An example of logical consistency for loblolly pine between genes associated to phenotypes or environmental variables and gene categories that have average deviations from neutrality consistent with positive or negative selection. Error bars give 99% bootstrap confidence intervals for the direction of selection statistic (DoS), with yellow bars having confidence intervals excluding zero. Lines give average Tajima’s D for nonsynonymous (blue) and synonymous sites (green), as well as the proportion of genes associated to at least one phenotype (red). Shaded areas give null distributions (99% quantiles) generated via permutations of genes among categories (n = 10,000 permutations). All lines, including those forming the null distributions, were smoothed using lowess smoothing.


Many of the genes associated to phenotypes for both species were also correlated to environmental variables and exhibited patterns of non-neutral evolution. Thus, associated genes are prime targets for conservation efforts. The questions posed here, however, make the strong assumption that genes associated to phenotypes or environmental variables should also show non-neutral patterns of evolution. This is not always expected to be the case [3, 4], yet the lack of consistency is often interpreted as such and is one explanation for those genes or sets of genes reported here as lacking non-neutral signals. The search for logical consistency among analytical approaches, however, often focuses on uninformative patterns. To illustrate this point, I employed a novel environmental association approach that correlates genetic divergence to environmental change and show that most of the site-frequency spectrum based outliers for coastal Douglas-fir [5] are correlated to change in climate variables but not to extant climate patterns. Taken together these results illustrate that non-neutral genes are often identified during association analyses, that departures from neutrality for genes driving associations are not only those due to recent directional selection, and that further work is needed to understand the population genetic processes underlying associations between genotypes, phenotypes and the environment.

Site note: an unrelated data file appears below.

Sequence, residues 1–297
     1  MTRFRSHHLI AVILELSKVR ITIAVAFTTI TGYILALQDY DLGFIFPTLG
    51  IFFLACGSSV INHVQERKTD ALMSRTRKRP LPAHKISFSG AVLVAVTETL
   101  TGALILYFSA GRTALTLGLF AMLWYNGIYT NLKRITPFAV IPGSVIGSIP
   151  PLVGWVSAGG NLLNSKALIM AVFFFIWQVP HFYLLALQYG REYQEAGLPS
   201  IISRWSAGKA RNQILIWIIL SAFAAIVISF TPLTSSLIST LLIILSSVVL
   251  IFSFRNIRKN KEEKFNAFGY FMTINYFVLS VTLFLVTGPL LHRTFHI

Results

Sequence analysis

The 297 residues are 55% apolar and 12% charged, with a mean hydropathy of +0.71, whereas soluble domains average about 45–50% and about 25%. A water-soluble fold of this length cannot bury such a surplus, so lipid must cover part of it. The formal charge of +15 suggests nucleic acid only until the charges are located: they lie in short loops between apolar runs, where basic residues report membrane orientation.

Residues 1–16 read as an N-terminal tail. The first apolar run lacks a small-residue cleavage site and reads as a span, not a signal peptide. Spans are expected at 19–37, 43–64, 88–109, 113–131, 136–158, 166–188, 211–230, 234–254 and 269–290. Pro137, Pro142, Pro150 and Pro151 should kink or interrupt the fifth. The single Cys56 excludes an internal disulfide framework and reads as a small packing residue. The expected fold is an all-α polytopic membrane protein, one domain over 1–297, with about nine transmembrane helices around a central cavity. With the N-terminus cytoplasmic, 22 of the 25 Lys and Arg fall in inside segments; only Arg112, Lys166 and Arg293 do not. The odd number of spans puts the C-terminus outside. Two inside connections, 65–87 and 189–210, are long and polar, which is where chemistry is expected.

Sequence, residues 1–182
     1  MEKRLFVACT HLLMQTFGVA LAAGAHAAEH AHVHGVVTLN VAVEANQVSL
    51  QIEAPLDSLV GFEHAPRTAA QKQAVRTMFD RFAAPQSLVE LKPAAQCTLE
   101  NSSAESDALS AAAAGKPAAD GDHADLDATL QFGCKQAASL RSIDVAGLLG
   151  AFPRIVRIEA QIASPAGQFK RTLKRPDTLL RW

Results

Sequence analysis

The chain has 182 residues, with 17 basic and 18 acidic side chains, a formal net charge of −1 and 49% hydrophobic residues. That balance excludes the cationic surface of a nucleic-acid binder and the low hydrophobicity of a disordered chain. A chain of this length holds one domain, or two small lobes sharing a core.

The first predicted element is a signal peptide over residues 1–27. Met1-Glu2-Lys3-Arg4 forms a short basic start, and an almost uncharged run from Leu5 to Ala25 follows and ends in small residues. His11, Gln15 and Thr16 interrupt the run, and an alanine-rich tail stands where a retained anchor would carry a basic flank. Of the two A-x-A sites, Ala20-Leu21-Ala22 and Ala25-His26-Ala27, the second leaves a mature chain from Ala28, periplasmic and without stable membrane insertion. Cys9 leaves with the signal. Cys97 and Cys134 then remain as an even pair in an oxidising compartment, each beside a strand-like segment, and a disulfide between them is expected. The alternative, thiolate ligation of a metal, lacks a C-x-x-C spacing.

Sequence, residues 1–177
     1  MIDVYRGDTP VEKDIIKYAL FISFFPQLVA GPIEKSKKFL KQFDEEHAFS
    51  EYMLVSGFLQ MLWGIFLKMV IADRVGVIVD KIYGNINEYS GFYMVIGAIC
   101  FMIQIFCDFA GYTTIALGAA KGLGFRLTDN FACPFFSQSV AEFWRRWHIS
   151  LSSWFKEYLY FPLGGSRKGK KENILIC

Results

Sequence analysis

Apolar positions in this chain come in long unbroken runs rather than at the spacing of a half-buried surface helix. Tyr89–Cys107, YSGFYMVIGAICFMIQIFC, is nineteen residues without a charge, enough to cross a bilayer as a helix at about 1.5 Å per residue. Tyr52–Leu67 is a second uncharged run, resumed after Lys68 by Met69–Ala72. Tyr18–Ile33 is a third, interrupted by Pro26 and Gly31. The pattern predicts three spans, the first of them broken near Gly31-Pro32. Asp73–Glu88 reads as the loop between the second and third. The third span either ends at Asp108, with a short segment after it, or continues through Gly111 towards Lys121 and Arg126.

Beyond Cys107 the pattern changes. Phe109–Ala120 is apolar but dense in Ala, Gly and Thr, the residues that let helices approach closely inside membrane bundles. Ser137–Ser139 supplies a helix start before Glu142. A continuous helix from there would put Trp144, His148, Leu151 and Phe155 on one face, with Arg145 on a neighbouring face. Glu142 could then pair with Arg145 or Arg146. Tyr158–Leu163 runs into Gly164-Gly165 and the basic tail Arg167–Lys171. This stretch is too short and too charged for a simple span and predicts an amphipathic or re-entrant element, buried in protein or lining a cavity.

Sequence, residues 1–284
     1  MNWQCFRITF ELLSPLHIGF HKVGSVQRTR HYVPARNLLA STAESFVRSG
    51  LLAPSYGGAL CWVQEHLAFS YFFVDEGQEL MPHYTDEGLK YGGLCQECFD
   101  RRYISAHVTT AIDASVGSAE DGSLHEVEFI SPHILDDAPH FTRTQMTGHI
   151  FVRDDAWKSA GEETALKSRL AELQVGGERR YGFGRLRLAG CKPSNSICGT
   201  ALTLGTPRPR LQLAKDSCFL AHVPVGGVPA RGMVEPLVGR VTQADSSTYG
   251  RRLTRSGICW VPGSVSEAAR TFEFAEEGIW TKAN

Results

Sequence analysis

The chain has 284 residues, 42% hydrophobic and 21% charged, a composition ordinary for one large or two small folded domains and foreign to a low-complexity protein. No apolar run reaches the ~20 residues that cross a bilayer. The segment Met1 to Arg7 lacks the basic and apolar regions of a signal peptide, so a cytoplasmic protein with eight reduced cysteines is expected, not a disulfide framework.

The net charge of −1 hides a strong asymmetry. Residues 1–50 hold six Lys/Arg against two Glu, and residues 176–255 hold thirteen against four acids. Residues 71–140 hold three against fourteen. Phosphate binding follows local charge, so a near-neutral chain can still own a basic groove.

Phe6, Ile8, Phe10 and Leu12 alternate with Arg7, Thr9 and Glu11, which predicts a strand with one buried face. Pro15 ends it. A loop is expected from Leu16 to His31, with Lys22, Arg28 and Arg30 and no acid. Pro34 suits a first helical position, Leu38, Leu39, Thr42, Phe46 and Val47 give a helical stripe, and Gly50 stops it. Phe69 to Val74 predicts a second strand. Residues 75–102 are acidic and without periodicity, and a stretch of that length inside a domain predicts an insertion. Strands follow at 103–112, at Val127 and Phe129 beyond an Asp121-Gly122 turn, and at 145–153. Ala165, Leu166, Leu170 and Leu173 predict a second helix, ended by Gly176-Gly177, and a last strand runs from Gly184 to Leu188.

1. 1.

    Neale DB, Kremer A: Forest tree genomics: Growing resources and applications. Nat Rev Genet. 2011, 12: 111-122.

    CAS  Article  PubMed  Google Scholar 

  2. 2.

    Stoletzki N, Eyre-Walker A: Estimation of the neutrality index. Mol Biol Evol. 2011, 28: 63-70. 10.1093/molbev/msq249.

    CAS  Article  PubMed  Google Scholar 

  3. 3.

    Le Corre V, Kremer A: Genetic variability at neutral markers, quantitative trait loci and trait in a subdivided population under selection. Genetics. 2003, 164: 1205-1219.

    PubMed Central  CAS  PubMed  Google Scholar 

  4. 4.

    Pritchard JK, Pickrell JK, Coop G: The genetics of human adaptation: hard sweeps, soft sweeps, and polygenic adaptation. Curr Biol. 2010, 20: R208-R215. 10.1016/j.cub.2009.11.055.

    PubMed Central  CAS  Article  PubMed  Google Scholar 

  5. 5.

    Eckert AJ, Bower AD, Pande B, Jermstad KD, Krutovsky KV, St. Clair JB, Neale DB: Association genetics of coastal Douglas fir (Pseudotsuga menziesii var. menziesii, Pinaceae). I. Cold-hardiness related traits. Genetics. 2009, 182: 1289-1302. 10.1534/genetics.109.102350.

    PubMed Central  CAS  Article  PubMed  Google Scholar 

Download references


I would like to thank J. L. Liechty, B. N. Figueroa G. Rosa, and J. L. Wegrzyn for bioinformatics and computational support. I would like to thank all of the collaborators on the ADEPT2 project ( This work was funded by the National Science Foundation (IOS-PGRP-0501763, IOS-PGRP 0638502) and the United States Department of Agriculture (NRI Plant Genome 04-712-0084).

Author information



Corresponding author

Correspondence to Andrew Eckert.

Rights and permissions

This article is published under license to BioMed Central Ltd. This is an open access article distributed under the terms of the Creative Commons Attribution License (, which permits unrestricted use, distribution, and reproduction in any medium, provided the original work is properly cited.

Reprints and Permissions

About this article

Cite this article

Eckert, A. Population and conservation genomics of forest trees: seeing the forest for the trees. BMC Proc 5, I2 (2011).

Download citation


  • Environmental Variable
  • Forest Tree
  • Associate Gene
  • Adaptive Trait
  • Synonymous Site